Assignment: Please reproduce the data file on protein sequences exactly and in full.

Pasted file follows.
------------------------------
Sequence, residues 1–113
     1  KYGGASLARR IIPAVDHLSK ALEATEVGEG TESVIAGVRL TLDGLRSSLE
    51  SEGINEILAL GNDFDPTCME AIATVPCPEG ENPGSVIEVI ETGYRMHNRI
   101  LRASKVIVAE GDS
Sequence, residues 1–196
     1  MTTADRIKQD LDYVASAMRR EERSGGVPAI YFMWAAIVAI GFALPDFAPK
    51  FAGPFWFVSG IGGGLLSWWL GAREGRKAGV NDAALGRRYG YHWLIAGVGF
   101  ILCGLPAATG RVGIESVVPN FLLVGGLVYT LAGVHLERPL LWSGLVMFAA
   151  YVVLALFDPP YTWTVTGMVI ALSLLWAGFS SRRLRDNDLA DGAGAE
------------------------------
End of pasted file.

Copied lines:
Sequence, residues 1–113
     1  KYGGASLARR IIPAVDHLSK ALEATEVGEG TESVIAGVRL TLDGLRSSLE
    51  SEGINEILAL GNDFDPTCME AIATVPCPEG ENPGSVIEVI ETGYRMHNRI
   101  LRASKVIVAE GDS
Sequence, residues 1–196
     1  MTTADRIKQD LDYVASAMRR EERSGGVPAI YFMWAAIVAI GFALPDFAPK
    51  FAGPFWFVSG IGGGLLSWWL GAREGRKAGV NDAALGRRYG YHWLIAGVGF
   101  ILCGLPAATG RVGIESVVPN FLLVGGLVYT LAGVHLERPL LWSGLVMFAA
   151  YVVLALFDPP YTWTVTGMVI ALSLLWAGFS SRRLRDNDLA DGAGAE